Home > physics, travel, Uncategorized > The Hill at the École Polytechnique

The Hill at the École Polytechnique

I do some work with Charles Baroud, a man who likes to measure things, at the École Polytechnique, just on the outskirts of Paris. Charles works on droplet microfluidics and I play about with lasers; we bring them together to try and enhance the ways in which droplets can be manipulated on microfluidic chips. This week I have been over in Paris so we can write up our most recent work based on Charles’ cool new technique of ‘rails and anchors‘ microfluidics. We wrote our paper in two and a half days, which is not bad going! I’ll maybe write a bit more about the science in a later post, but I wanted just to jot down a few thoughts on the Ecole Polytechnique.

Horse at Ecole Polytechnique

Much of this is hearsay from Charles, but it sounds true…The Polytechnqiue is one of the premier universities in Paris and has a very small, selective intake of students. It is slightly unusual in that it is a military school, made so by Napoleon at the start of the 19th century, so the students are quasi-military cadets (although the Polytechnique is now officially a civilian University, it is still overseen by the military). It also explains why there are lots of horses around the Polytechnique campus, as an important cadet skill is riding, obviously.

In the riots in Paris in the 1960s, in which French students played a prominent role, the powers that be had some concerns that the Polytechnique students were getting corrupted by their more liberal minded peers and decided to move the University from its central Parisian Latin Quarter location to the outskirts of Paris, to Palaiseau. (This move is perhaps the most dubious part of the story, but it should be true, even if it’s not). If you catch the RER B line from central Paris you can get off at Lozere, and walk to the Polytechnique….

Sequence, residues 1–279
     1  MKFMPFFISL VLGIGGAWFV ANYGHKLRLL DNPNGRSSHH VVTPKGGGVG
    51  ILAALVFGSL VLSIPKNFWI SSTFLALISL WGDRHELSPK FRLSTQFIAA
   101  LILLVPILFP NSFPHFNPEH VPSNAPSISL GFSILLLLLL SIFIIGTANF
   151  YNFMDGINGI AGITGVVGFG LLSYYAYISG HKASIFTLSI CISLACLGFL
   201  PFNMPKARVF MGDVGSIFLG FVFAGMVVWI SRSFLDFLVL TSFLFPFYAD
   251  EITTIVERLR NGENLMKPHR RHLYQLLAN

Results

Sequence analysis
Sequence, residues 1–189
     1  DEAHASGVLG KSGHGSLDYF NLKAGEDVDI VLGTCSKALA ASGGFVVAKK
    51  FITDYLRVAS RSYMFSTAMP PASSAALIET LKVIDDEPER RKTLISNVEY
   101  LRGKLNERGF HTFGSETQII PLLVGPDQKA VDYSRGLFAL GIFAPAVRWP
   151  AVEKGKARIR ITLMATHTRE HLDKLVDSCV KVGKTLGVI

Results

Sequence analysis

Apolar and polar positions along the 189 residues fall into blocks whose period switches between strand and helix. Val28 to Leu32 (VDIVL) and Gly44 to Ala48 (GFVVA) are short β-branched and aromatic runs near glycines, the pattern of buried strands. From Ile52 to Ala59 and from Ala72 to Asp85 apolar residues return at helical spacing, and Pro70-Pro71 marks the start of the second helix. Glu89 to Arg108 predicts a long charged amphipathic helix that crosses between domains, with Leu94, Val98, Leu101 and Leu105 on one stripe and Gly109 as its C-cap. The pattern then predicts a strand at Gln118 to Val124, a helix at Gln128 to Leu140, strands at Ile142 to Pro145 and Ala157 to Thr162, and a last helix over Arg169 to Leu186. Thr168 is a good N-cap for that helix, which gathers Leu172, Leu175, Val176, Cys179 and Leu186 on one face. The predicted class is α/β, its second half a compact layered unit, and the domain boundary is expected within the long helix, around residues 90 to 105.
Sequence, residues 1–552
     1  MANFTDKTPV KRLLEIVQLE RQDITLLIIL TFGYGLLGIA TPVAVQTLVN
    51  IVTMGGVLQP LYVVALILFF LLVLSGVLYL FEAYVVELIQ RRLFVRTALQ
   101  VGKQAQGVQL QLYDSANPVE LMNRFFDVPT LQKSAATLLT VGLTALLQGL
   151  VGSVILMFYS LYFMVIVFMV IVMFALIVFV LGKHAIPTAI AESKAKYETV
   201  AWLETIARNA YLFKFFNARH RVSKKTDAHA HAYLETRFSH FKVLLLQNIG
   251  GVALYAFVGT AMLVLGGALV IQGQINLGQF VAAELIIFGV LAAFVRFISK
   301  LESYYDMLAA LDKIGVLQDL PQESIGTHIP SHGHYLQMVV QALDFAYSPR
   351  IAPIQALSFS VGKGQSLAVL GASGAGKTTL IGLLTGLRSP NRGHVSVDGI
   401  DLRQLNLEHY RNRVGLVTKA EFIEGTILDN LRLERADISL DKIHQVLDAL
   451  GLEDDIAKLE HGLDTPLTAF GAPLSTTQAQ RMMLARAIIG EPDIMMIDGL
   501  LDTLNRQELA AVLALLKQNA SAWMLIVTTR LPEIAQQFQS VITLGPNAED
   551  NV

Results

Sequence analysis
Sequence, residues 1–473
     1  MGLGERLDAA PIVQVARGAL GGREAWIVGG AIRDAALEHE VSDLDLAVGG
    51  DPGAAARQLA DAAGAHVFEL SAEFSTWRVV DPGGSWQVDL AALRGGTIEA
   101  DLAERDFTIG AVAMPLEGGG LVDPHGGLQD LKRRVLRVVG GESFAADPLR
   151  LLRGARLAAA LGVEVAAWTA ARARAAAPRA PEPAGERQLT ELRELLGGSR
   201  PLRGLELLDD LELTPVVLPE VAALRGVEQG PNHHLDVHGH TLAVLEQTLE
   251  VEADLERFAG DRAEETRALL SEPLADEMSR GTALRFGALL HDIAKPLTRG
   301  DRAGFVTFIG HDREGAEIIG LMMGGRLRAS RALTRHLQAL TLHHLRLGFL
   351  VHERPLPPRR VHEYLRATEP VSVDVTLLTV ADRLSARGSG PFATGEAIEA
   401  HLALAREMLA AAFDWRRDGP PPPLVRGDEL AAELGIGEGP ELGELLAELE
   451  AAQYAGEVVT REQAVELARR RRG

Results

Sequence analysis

Should there ever be another French Revolution, if the Polytechnique students are not running it), then they will be able to hold out against the Revolutionaries for a long time. This is because it sits on top of a *very* steep hill. There is a film called ‘The Hill’ with Sean Connery about soldiers in a military prison (I think they literally get read ‘The Riot Act’ as one point), in which one of the sadistic punishments the soldiers undergo is to run up a large hill made of sand. I sort of feel like this every time I visit the Polytechnique. It is a viscous, evil hill (mainly as I am pretty unfit). Oddly, I could get off a few stops earlier and get the bus up, but I seem to attempt the hill as some point of personal pride every time. What is even worse than going up the hill is coming down in bad weather. In rain, or God forbid when it’s a bit icy, it’s potentially lethal, and would be shut if it were in the UK on health and safety grounds. But still I see students and staff running down it to try and catch their train.

Hill excepted I had a really good time on my trip. We worked hard and got our paper written, and Paris in the early summer when the sun is out is a simply glorious place to be, and probably just shades Dundee in terms of overall desirability 😉

Categories: physics, travel, Uncategorized
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